“Behold, I have longed after thy precepts: quicken me in thy righteousness. Let thy mercies come also unto me, O LORD, even thy salvation, according to thy word…. Thou art my portion, O LORD: I have said that I would keep thy words.” (Psalm 119:40-41, 57)
“If they would burn the Word of Christ, they would burn Christ.”
~ William Tyndale (1494–1536), language scholar and theologian
who was burned at the stake for translating the Bible
and for believing in justification by faith alone
Throughout history, there have been many people who fought the spread of God’s Word. There were people who thought it was wrong for the Word of God to be translated into a “common” language, or any other language but the original languages it was written in. Some religious leaders did not want the Bible to be readable, because their false teachings would be found out if people could check them by the Bible in their own languages.
Many years ago, a man named William Tyndale was overcome with a passion to see the Hebrew and Greek original Scriptures translated into English. His dream was that any common ploughboy (any farmer’s servant) would be able to read the Bible in his own language (English) instead of having to know Hebrew or Greek, or instead of having to listen to the Bible read in Latin. Tyndale was a skilled translator and wonderful writer, so his translations (some pieces of the New Testament that he translated) are quoted today even more than famous lines from Shakespeare’s plays are quoted!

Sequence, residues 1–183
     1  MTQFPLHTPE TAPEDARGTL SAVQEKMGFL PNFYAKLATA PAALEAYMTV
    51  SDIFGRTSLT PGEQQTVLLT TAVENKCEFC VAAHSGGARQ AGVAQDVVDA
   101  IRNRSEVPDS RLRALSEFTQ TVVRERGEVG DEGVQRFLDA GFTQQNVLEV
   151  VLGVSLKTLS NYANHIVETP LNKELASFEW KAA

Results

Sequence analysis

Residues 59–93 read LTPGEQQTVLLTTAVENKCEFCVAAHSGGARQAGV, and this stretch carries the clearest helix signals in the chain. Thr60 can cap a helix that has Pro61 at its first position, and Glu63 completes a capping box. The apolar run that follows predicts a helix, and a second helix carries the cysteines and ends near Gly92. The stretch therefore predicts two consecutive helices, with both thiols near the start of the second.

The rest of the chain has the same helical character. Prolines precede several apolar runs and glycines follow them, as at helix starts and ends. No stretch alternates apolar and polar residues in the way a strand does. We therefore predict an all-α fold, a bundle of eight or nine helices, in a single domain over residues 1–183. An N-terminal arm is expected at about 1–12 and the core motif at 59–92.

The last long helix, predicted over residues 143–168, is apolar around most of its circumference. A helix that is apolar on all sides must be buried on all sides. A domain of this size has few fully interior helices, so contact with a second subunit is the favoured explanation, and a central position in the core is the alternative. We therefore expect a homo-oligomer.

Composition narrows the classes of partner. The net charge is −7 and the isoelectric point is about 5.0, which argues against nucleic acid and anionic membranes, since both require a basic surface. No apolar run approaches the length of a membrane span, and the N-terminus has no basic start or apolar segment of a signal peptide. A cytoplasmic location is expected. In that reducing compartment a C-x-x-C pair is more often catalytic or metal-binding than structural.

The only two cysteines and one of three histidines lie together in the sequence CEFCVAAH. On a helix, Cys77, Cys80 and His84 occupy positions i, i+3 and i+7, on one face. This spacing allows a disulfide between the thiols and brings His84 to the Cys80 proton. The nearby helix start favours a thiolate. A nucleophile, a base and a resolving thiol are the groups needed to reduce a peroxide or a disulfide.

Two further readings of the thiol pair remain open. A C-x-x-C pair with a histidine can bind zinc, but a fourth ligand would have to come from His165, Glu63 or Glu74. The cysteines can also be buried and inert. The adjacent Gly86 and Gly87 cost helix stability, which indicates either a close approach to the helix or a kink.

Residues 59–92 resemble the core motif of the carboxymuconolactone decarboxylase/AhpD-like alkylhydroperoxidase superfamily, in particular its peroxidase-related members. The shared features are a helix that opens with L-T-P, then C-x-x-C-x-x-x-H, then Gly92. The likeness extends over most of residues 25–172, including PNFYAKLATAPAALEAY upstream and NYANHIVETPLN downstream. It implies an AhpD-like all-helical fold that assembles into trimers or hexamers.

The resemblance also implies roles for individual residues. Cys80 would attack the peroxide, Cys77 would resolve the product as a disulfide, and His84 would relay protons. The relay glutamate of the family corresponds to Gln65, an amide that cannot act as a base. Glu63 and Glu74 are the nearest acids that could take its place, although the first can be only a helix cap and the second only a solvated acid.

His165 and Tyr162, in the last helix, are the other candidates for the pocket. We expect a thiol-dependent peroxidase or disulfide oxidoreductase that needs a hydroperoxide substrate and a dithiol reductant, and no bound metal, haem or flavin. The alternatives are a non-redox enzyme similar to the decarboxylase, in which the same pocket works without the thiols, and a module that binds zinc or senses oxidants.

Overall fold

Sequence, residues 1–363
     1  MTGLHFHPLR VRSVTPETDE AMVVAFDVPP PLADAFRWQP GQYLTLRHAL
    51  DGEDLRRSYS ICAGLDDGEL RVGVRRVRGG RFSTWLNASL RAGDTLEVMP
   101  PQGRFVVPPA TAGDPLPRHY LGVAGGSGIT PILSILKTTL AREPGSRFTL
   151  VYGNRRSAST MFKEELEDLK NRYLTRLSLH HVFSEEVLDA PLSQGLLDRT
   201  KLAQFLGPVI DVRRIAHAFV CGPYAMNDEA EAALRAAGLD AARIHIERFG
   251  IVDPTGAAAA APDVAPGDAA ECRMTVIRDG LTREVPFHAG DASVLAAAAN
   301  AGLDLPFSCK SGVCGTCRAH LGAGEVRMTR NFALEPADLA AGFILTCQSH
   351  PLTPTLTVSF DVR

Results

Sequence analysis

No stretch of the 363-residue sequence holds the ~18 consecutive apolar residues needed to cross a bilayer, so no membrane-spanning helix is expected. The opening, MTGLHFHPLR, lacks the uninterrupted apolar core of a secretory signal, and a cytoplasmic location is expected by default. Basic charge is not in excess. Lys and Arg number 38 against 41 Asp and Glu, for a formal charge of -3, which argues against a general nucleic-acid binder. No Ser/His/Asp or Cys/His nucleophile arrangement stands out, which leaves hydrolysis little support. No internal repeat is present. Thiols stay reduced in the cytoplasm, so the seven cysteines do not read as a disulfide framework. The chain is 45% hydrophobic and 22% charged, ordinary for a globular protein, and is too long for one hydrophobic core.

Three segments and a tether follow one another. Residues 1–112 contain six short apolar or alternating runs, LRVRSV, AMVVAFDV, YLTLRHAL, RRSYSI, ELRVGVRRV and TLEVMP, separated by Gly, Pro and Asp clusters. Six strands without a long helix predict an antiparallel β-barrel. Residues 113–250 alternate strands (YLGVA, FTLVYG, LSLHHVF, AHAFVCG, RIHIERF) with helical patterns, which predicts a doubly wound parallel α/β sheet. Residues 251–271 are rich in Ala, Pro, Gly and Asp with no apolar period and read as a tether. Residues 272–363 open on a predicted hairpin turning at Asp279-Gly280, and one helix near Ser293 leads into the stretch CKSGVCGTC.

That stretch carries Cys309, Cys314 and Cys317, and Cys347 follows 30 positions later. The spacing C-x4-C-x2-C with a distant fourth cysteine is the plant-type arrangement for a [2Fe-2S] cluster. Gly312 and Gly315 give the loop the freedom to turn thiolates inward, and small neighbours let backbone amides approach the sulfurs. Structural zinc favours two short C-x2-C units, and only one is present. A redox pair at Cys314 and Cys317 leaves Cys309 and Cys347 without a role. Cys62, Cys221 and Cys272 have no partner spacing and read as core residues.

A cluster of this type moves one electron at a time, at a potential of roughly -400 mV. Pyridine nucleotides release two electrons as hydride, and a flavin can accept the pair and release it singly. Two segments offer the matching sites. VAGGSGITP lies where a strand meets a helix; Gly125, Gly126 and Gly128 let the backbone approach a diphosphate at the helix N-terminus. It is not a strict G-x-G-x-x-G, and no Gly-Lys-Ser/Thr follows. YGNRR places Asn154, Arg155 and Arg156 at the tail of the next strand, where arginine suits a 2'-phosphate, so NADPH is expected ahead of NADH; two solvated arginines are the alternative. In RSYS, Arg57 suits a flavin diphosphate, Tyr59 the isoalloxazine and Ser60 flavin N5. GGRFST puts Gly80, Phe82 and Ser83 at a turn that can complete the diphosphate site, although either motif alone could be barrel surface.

But back in his time, William Tyndale was not so popular. He was betrayed, went to prison, and eventually was strangled and burned at the stake – all because he wanted to give the Bible to English-speaking people. Tyndale loved God’s Word so much that he died for it. He died so God’s Word could be read. He died so God’s Word could be printed and preserved (kept safe and available) for generations to come. God used people like William Tyndale throughout history to preserve His Word, to keep it safe. That is why God’s Word is still here for us to use in our time.
King David’s psalms about God’s Word show that he also had a deep love for the Scriptures. He says he has longed after God’s Word. He says that the LORD is his portion (the LORD is all he needs), and because of that, he promises to keep (obey) the LORD’s words.
David was “a man after God’s own heart.” He loved God, so he loved God’s Word. William Tyndale’s whole life (and death) was devoted to making sure God’s Word would be around in the future, readable by both rich and poor people. He was passionate about God’s Word, because He was passionate about God. God’s Word ought to be considered precious (extremely valuable) because it is from God. Many people have lost their lives trying to make sure God’s Word would stay safe. If you have a Bible today, check out your relationship to God’s Word. How often do you read it? How do you respond to it? Does your life show that you love the Word of Christ?
God’s Word is precious, because it is from Him.
» How often do I think about God’s Word?
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